Survival analyses

Survival was assessed in the WT, CBS heterozygous (CBS+/−), CSE knockout (CSE−/−) or 3MST mutant (Δ3MST) mice (n=15 mice in each group) after i.p. injection of LPS (20 mg/kg, i.p). Mortality of the animals was recorded over a 48-h period.

Statistical analysis

All values described in the text and figures are expressed as the means ± standard error of the mean (SEM) for 'n' observations. The Student's t-test, one- and two-way ANOVA with Tukey's post hoc test were used to detect differences between groups. The Chi-square test was used to compare survival rates. Prism version 5 for Windows (GraphPad Software, Inc., La Jolla, CA, USA) was used. A value of P<0.05 was considered to indicate a statistically significantly difference.

Results

Changes in the expression of H2S-producing enzymes in response to LPS

First, the effect of LPS on the expression of the three H2S-producing enzymes (CBS, CSE and 3MST) was examined in various tissue samples (spleen, lung, liver and kidney) in the control (vehicle-treated) WT, CBS+/−, CSE−/− and Δ3MST mice. We found the following basal expression of the enzymes (Fig. 1): in CSE−/− mice, CSE protein was absent in all tissues studied; in CBS+/− mice, CBS levels were markedly suppressed in some tissues (liver, kidney), while they remained unaltered in others (spleen, lung), indicating that in some tissues a single copy of the CBS gene is sufficient to yield physiological amounts of CBS transcripts. In addition, and as previously observed (26), the current strain of Δ3MST mice exhibited reduced 3MST expression in their spleens and lungs, but not the livers and kidneys. We then examined the effect of LPS challenge on the expression of CBS, CSE and 3MST in WT mice. LPS induced an increase in CBS expression in the spleen and lung; CSE expression increased in the lung and 3MST expression increased in the lung and liver (Fig. 2). These expression patterns were, generally, similar in the WT mice and the genetically modified strains of mice, even though in the CSE−/− mice, the LPS-induced upregulation of CBS occurred in the liver and kidney and in the Δ3MST mice, it only occurred in the kidney (as opposed to the WT mice, where it occurred in the spleen and the lung). Moreover, in response to LPS, the upregulation of CSE in the CBS+/− mice occurred in the spleen (whereas in the WT mice the largest degree of CSE upregulation occurred in the lung) (Table I).

Table I

Expression profiles of cystathionine-β-synthase (CBS), cystathionine-γ-lyase (CSE) and 3-mercaptopyruvate sulfurtransferase (3MST) at 6 h after the lipopolysaccharide (LPS) (10 mg/kg) injection in wild-type (WT), CBS+/−, CSE−/− and Δ3MST mice.

Table I

Expression profiles of cystathionine-β-synthase (CBS), cystathionine-γ-lyase (CSE) and 3-mercaptopyruvate sulfurtransferase (3MST) at 6 h after the lipopolysaccharide (LPS) (10 mg/kg) injection in wild-type (WT), CBS+/−, CSE−/− and Δ3MST mice.

WT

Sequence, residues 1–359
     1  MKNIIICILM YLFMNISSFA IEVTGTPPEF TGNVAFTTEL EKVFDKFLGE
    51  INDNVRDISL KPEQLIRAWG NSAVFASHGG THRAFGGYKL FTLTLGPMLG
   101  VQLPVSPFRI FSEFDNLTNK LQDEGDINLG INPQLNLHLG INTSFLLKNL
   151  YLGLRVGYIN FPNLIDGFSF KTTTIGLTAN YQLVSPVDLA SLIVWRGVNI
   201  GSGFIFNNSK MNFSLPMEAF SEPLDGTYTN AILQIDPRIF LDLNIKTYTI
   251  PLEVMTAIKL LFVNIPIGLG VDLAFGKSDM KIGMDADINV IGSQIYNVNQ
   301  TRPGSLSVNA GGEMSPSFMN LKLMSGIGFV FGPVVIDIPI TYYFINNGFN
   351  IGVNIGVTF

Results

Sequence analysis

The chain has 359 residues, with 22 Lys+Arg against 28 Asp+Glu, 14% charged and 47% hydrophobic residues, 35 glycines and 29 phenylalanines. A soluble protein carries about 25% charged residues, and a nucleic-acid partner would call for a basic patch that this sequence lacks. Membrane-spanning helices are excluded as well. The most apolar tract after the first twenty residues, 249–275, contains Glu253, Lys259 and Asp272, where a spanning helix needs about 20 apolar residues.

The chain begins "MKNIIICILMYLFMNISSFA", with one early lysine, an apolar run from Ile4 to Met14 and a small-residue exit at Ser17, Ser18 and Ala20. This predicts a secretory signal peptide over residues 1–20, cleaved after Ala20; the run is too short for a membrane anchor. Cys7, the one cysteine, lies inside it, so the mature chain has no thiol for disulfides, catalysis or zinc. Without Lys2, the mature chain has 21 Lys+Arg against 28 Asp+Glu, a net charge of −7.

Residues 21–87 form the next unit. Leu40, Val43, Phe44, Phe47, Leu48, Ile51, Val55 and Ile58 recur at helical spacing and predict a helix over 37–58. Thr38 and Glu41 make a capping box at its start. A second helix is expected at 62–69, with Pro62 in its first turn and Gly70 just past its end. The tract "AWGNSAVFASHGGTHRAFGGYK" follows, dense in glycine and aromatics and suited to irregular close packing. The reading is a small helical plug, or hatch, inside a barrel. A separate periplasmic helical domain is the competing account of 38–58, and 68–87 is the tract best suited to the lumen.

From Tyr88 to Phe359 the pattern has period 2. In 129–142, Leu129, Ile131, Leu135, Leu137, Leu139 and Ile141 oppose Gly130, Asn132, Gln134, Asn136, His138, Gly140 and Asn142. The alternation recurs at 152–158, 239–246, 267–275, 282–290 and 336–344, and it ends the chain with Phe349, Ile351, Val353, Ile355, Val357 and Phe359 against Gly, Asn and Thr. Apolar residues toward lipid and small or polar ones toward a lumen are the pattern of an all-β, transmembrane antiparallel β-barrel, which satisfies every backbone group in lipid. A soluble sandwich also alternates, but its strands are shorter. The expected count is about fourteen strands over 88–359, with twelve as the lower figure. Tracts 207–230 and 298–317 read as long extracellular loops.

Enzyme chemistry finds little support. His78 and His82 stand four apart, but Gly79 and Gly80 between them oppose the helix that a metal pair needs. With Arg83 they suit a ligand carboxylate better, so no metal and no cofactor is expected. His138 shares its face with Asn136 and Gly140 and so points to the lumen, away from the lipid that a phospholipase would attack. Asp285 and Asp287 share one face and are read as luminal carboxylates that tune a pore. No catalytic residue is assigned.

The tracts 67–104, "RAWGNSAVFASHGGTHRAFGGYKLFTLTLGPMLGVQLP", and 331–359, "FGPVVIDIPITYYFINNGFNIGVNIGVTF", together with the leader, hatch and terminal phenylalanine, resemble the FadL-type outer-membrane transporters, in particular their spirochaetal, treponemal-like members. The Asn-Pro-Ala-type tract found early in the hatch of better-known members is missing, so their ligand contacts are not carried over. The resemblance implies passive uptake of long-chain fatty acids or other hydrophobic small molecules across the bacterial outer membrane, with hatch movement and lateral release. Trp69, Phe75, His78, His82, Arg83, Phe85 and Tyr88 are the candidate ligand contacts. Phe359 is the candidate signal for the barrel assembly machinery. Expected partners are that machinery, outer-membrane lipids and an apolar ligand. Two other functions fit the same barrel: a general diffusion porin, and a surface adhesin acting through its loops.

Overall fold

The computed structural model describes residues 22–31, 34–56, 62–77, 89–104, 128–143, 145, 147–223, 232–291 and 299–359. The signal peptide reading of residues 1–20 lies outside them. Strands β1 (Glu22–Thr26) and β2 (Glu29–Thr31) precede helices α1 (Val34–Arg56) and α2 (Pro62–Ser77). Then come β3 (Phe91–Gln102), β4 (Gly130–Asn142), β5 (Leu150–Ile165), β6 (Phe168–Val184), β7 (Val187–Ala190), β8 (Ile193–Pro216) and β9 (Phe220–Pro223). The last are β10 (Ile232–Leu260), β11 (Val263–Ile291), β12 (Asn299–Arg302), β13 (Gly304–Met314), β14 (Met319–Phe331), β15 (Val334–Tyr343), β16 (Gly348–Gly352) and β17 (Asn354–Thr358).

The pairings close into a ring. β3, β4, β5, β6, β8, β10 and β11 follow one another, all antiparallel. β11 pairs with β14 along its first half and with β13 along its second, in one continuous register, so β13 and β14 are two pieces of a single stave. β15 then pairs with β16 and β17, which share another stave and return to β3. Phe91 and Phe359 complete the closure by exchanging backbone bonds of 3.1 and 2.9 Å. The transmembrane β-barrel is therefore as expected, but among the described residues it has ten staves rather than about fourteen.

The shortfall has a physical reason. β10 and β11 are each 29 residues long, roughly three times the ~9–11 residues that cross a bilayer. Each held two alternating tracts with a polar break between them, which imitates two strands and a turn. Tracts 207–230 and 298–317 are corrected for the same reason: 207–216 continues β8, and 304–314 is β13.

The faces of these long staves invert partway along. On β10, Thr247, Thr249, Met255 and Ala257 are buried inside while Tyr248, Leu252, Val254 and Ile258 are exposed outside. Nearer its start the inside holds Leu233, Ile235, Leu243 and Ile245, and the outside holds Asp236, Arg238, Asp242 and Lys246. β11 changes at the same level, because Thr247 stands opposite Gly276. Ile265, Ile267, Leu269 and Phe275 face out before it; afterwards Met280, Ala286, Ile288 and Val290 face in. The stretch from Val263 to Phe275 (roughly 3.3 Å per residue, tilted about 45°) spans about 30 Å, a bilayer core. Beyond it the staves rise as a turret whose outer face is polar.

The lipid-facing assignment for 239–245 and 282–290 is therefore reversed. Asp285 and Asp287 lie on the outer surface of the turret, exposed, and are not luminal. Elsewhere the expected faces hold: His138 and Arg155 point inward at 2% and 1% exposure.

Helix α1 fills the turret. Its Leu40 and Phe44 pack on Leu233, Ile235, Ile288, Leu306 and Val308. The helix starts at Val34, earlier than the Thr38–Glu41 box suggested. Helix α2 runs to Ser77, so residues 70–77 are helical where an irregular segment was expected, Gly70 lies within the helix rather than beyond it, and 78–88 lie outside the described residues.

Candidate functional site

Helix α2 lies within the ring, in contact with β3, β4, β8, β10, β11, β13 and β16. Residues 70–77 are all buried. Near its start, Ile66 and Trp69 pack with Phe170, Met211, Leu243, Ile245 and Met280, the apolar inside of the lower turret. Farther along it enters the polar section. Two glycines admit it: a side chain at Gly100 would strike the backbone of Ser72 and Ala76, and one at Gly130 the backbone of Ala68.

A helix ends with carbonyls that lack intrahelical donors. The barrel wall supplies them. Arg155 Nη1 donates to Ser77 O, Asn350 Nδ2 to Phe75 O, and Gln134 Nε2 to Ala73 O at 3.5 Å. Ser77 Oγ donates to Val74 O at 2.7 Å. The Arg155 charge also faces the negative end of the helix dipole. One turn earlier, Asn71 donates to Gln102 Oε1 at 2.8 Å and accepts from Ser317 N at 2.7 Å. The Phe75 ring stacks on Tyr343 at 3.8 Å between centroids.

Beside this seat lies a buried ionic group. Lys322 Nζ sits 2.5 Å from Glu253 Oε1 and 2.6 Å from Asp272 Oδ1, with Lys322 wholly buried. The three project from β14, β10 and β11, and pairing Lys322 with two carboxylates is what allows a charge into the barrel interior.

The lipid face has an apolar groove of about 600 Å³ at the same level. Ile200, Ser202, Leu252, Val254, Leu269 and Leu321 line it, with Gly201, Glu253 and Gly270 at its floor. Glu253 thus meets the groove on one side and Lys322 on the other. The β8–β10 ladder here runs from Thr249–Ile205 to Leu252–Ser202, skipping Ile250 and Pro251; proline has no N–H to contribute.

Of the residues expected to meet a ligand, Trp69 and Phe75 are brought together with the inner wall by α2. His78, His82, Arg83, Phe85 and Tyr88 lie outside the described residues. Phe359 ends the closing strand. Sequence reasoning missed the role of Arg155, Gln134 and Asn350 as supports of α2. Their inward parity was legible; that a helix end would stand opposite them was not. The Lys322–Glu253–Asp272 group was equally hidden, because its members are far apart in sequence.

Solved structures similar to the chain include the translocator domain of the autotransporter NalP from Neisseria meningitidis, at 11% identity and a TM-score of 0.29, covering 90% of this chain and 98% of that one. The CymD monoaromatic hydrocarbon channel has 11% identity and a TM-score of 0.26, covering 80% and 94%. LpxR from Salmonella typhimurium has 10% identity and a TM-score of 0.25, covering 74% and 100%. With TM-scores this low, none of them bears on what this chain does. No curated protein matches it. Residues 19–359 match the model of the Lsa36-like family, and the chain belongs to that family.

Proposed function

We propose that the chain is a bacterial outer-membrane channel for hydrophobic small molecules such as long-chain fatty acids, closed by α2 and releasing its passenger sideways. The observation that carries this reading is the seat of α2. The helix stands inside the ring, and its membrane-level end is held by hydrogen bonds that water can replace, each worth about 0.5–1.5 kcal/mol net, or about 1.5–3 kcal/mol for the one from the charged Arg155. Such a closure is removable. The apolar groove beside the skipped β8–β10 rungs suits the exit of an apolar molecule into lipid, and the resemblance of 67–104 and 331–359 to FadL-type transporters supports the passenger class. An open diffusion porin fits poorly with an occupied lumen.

(%)
CBS+/−
(%)
CSE−/−
(%)
Δ3MST
(%)
CBS expression
 Spleen227±29a168±15a111±6107±15
 Lung134±12a115±6109±17120±10
 Liver112±1219±6149±11a107±13
 Kidney112±1419±5161±15a123±9a
CSE expression
 Spleen116±14125±15a091±9
 Lung134±19a92±160120±6a
 Liver92±5101±60103±22
 Kidney119±1106±1.60103±12
3MST expression
 Spleen116±8125±10a125±11a1±1
 Lung177±25a159±20a241±14a9±1
 Liver139±9a129±12a111±11107±13
 Kidney110±13114±89±1115±13

a P<0.05 shows significant change compared to baseline control in wild-type mice (which is considered as 100%). Data are shown as the means ± standard error of the mean (SEM) of n=5 determinations; n=5.

Effect of CBS+/−, CSE−/− and Δ3MST on LPS-induced blood urea nitrogen (BUN) plasma levels

LPS administration to all four groups of mice studied (WT, CBS+/−, CSE−/− and Δ3MST) induced an increase in plasma BUN levels (Fig. 3). The degree of this increase was comparable in the WT, CSE−/− and Δ3MST mice; however, the CBS+/− mice exhibited a reduced degree of LPS-induced increased plasma BUN levels compared to the WT mice (Fig. 3).

Effect of CBS+/−, CSE−/− and Δ3MST on LPS-induced MPO and MDA tissue levels

LPS administration induced an increase in lung MPO and MDA levels in all four groups of mice studied (Fig. 4). The degree of the increase in pulmonary MDA post-LPS levels tended to be less in the CSE−/− and CBS+/− mice compared to the WT mice (Fig. 4).

Effect of CBS+/−, CSE−/− and Δ3MST on LPS-induced plasma cytokine levels

LPS administration induced an increase in the plasma levels of multiple cytokines in all four groups of mice studied (Figs. 5Figure 6Figure 7Figure 89). The degree of the increase in TNFα tended to be less in all three groups of mice deficient in various H2S-producing enzymes (Fig. 5), while plasma IL-5 and GM-CSF levels tended to be higher after LPS challenge in the Δ3MST mice (Fig. 7). The degree of the increases in IL-10 and IL-12 levels tended to be less in all three groups of mice deficient in various H2S-producing enzymes (Figs. 8 and 9); plasma IFNγ levels after LPS were lower in CBS+/−mice compared to WT mice (Fig. 9).